A week of diplomatic apologies, a brewing sex scandal and diplomatic immunity still in the news

“I feel sorry for this scandalous incident,” said Foreign Minister Kim Sung-hwan at a National Assembly Foreign Affairs Committee meeting yesterday, promising reforms at diplomatic posts overseas.

The scandalous incident South Korea’s top diplomat is referring to? A brewing quad-love-angle involving a diplomat assigned to its mission in Shanghai, two other officials from the Ministry of Knowledge Economy and the Ministry of Foreign Affairs and Trade and “a Chinese siren, Deng Xinming, 33, who lives in Shanghai with her Korean husband.”  Three men and one siren, and a husband who reportedly complained to the South Korean government about the affairs.  Move over, Anna Chapman, there’s a new break out star over there.

One local report says the diplomat resigned from his job after the affair was discovered and returned to China in a possible bid to be with the woman: 

“Deng seemed like someone I was related to in a former life,” an official of the Justice Ministry quoted the consul as saying during its investigation. “I want to go to China and live with her.”

The official said that he advised the consul to come to his senses, saying, “She met you because you were in a consul position. She wouldn’t meet you now.”

Not too far away, the U.S. Assistant Secretary of State for the East Asia Pacific Affairs arrived in Japan for a two-day visit and has to apologized to Japan on behalf of the United States for remarks made by one of his officers. According to ABC News, Mr. Campbell speaking to reporters in Tokyo offered a personal apology for “misunderstandings” the reports may have caused.

“In all my meetings, I will offer deep apologies for the developments in Okinawa, and the misunderstandings that have taken place,” Campbell said. “The alleged statements in no way reflect U.S. government policy and the feelings towards the people of Okinawa.”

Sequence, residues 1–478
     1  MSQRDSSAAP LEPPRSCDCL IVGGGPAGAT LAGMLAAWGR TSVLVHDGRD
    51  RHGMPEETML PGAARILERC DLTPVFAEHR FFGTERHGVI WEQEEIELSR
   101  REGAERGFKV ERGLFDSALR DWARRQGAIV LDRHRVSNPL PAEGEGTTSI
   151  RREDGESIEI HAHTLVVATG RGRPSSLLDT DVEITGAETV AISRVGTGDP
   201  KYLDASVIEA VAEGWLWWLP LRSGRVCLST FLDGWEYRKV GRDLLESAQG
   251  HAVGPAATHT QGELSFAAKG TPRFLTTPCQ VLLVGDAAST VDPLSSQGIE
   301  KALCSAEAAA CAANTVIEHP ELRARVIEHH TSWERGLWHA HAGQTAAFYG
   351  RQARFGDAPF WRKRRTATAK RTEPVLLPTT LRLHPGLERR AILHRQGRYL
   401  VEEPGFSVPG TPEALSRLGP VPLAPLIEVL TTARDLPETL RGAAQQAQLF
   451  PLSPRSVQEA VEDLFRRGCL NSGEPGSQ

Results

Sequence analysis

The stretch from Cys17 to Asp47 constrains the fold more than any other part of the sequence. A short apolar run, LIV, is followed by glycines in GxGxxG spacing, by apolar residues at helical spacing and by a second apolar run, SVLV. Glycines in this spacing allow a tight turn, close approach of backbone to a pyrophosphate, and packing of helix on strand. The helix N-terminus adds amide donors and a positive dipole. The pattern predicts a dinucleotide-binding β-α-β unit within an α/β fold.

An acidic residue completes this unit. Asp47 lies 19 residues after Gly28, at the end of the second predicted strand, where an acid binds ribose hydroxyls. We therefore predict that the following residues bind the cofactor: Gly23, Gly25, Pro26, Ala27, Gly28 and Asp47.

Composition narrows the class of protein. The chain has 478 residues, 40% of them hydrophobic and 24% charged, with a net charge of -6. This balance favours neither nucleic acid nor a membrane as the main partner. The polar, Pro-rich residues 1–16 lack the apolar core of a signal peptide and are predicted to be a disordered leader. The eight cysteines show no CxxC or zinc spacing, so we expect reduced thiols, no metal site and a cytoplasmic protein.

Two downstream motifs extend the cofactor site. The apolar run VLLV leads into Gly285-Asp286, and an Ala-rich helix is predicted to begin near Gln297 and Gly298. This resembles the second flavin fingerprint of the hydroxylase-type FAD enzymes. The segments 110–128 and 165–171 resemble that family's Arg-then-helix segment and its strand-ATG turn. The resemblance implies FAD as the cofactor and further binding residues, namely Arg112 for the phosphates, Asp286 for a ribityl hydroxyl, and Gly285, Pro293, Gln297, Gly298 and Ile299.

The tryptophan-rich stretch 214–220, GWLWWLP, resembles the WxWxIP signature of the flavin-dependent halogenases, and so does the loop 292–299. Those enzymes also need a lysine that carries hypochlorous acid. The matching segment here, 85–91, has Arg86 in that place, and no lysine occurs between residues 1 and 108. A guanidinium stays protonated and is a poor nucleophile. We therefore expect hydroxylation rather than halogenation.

Ambassador John Roos reportedly also reached out to Japan’s Chief Cabinet Secretary Yukio Edano and expressed “deep regret” for the purported remarks. In a statement released Monday, the U.S. embassy said the comments “attributed to a U.S. government official in no way reflect U.S. government views.”

What is this all about and what were they apologizing for?

According to ABC News, the State Department’s Director of Japan Affairs, Kevin Maher reportedly made an in an off-the-record lecture given to students at Washington’s American University in December. Maher’s comments were made during a speech on “Military Bases and Their Impacts on Okinawa.” This is part of what Mr. Maher reportedly said, “Consensus building is important in Japanese culture. While the Japanese would call this ‘consensus,’ they mean ‘extortion’ and use this culture as a means of extortion.”
ABS News added that “the comments were an apparent reference to financial subsidies Tokyo pays to Okinawans in exchange for hosting U.S. military bases on the island. “Students also noted that Maher called Okinawa residents “too lazy to grow goya,” referring to a bitter melon, famously used in local cuisine.” Mr. Maher was reportedly expected in Japan for bilateral talks but has now canceled the trip.

A March 10, 2011 statement from the US Embassy Tokyo attempts to better the wrinkle: 

Assistant Secretary Kurt Campbell today informed Foreign Minister Takeaki Matsumoto that, effective immediately, Rust Deming, a long-time diplomat, former Deputy Chief of Mission at the U.S. Embassy in Tokyo, and a strong friend of Japan, has been appointed Director of the Office of Japan Affairs at the State Department.

Assistant Secretary Campbell conveyed his deep regrets about statements attributed to Mr. Maher in recent news reports. He reiterated that these reported statements in no way reflect U.S. Government policy or the utmost respect the United States has for the Okinawan people.

In New York, NYPost
reported that Oleg Sharifov, 33, of Georgia who is in the big apple accompanying the official delegation of Georgia, including its head of state, has allegedly pilfered hundreds of dollars of merchandise from the Century 21 department store downtown. He dodged prosecution by claiming diplomatic immunity and was released to representatives from the UN Mission to Georgia and the Consulate of Georgia. A representative for the Georgian Embassy in Washington was quoted in the report saying, “[Sharifov] is a Georgian citizen, and this incident is under investigation.”

Meanwhile, over in Pakistan, CNN reported that the Raymond Davis case has been adjourned until March 16 when Davis is expected to be formally charged. Arrested on Jan 27, Davis will also have a hearing at the Lahore High Court on March 14 which could determine if he has diplomatic immunity and should be released.